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History of Computers

            Hardly anything defines modern life better than the computer. Whether we like it or not, computers have infiltrated every aspect of our society. Today computers do much more than simply compute. For instance: supermarket scanners calculate our bill while keeping store inventory, computerized telephone switching centers play traffic cop to millions of calls and keep lines of communication untangled, and ATM's let us conduct banking transactions from virtually anywhere in the world. But where did all this technology come from and where is it heading? To fully understand and appreciate the impact computers have on our lives and promises they hold for the future, it is important to understand their evolution. .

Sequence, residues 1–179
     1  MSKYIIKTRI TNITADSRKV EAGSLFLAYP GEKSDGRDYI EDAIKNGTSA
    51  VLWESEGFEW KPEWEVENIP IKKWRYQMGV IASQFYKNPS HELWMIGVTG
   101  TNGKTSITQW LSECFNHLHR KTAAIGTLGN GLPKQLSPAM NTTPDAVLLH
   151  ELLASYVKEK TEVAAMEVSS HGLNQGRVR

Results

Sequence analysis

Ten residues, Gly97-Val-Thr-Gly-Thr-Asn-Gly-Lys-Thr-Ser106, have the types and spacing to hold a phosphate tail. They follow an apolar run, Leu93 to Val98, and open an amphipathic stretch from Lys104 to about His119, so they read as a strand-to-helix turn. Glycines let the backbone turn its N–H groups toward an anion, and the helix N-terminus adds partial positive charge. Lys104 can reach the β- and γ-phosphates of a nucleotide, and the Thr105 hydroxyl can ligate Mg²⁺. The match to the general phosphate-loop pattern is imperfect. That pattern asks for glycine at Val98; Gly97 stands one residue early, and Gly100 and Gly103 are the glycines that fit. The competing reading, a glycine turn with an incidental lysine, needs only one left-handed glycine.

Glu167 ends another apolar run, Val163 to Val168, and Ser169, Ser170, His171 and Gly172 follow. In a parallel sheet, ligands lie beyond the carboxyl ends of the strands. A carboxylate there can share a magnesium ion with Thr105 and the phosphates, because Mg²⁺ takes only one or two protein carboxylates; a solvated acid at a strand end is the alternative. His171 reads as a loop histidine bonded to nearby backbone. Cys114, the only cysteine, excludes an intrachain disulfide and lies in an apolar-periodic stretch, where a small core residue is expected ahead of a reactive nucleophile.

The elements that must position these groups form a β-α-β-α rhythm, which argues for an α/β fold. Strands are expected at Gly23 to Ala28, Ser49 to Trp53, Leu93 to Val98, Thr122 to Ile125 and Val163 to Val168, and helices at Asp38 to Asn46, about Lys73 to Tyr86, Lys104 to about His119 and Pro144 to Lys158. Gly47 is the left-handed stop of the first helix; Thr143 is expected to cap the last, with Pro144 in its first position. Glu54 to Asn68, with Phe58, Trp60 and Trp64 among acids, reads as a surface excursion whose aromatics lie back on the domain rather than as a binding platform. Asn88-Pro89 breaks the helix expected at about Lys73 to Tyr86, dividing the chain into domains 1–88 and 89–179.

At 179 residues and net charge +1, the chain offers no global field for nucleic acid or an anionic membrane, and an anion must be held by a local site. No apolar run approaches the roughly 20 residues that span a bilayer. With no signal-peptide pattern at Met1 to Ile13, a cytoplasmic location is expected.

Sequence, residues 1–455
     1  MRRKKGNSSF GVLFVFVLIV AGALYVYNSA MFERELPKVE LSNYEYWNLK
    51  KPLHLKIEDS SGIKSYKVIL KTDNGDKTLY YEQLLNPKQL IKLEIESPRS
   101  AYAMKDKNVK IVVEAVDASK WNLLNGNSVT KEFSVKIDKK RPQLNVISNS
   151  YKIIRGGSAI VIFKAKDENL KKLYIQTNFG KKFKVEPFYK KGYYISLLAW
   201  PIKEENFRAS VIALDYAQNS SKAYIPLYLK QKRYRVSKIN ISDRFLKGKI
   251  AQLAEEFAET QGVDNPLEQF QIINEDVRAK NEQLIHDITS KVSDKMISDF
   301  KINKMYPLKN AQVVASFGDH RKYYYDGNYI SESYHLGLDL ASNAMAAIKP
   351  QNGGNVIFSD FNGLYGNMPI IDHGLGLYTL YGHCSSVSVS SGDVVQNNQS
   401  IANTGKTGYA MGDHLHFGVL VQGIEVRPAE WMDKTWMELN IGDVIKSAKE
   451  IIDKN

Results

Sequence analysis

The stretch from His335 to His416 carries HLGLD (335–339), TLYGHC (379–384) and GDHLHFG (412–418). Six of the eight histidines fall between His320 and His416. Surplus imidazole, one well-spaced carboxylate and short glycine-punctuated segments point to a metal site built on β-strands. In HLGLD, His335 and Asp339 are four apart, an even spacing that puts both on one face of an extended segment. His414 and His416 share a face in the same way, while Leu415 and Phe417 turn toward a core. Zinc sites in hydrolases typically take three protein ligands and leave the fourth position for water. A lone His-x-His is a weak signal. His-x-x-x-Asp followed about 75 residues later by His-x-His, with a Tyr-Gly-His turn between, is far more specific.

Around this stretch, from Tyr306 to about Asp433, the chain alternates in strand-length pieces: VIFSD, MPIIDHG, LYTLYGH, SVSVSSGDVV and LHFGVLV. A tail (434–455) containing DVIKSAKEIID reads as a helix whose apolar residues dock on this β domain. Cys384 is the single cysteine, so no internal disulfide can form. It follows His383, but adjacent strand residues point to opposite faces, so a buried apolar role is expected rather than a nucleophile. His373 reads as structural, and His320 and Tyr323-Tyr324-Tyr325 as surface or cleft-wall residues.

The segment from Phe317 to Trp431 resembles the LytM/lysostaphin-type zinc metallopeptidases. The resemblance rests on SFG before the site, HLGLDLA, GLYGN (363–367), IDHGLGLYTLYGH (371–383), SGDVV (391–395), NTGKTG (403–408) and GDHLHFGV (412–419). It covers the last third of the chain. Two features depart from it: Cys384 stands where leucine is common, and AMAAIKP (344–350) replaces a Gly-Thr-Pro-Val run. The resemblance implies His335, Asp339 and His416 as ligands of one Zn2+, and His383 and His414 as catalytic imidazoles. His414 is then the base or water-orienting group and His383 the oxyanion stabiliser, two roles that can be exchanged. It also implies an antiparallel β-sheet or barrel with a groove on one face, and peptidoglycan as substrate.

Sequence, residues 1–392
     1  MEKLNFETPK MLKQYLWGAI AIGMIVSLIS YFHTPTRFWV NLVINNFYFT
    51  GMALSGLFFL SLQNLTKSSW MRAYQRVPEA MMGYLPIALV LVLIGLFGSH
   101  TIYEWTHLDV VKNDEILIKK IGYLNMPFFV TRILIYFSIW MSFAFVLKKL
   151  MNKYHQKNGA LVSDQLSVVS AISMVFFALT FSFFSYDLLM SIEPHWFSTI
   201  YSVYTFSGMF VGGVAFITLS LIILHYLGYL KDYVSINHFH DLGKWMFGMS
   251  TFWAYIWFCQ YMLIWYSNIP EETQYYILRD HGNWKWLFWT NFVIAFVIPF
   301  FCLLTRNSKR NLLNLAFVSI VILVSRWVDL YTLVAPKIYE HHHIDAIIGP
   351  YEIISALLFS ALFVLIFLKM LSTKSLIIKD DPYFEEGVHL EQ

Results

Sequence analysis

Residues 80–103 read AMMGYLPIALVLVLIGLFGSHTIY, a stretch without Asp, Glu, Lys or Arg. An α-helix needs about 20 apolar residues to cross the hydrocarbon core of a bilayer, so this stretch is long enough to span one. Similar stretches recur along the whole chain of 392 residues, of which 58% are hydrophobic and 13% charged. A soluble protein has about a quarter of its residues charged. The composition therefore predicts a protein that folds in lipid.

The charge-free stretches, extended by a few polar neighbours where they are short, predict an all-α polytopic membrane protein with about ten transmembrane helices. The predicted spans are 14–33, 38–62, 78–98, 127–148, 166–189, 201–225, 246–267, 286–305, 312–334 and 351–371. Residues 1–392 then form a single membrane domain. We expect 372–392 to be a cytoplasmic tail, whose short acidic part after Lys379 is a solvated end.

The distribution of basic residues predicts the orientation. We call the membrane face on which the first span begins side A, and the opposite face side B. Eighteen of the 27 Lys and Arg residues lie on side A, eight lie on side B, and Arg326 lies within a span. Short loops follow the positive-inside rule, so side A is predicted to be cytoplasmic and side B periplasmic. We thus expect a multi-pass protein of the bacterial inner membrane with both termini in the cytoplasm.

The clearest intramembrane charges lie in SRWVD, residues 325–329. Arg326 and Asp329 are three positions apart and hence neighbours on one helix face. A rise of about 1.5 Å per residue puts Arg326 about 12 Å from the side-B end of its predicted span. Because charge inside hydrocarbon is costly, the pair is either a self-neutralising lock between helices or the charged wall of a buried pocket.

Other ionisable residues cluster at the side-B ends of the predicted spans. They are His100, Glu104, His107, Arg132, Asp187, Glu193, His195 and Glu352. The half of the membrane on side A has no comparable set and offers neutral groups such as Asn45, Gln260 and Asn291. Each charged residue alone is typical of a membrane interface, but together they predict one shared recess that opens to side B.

The real beginnings of computers start with an English mathematics professor, Charles Babbage. Frustrated at many errors he found while examining calculations for the Royal Astronomical Society, he declared, "I wish to God these calculations had been performed by steam!" With those words, the automation of computers had begun. By 1812, Babbage noticed a harmony between machines and mathematics: machines were best at performing tasks repeatedly without mistake, while mathematics often required a repetition of steps. The problem was applying the ability of machines to the needs of mathematics. Babbage's first attempt was in 1822 when he proposed a machine to perform differential equations, called a Difference Engine. It was powered by steam and large as a locomotive. The machine would have a stored program and could perform calculations and print the results automatically. After working on the Difference Engine for ten years, Babbage was suddenly inspired to begin work on the first general-purpose computer, which he called the Analytical Engine. Babbage's assistant, Augusta Ada King, daughter of poet Lord Byron, was instrumental in the machine's design. One of the few people who understood the Engine's design as well as Babbage, she helped revise plans, secure funding from the British government, and tell the specifics of the Analytical Engine to the public.

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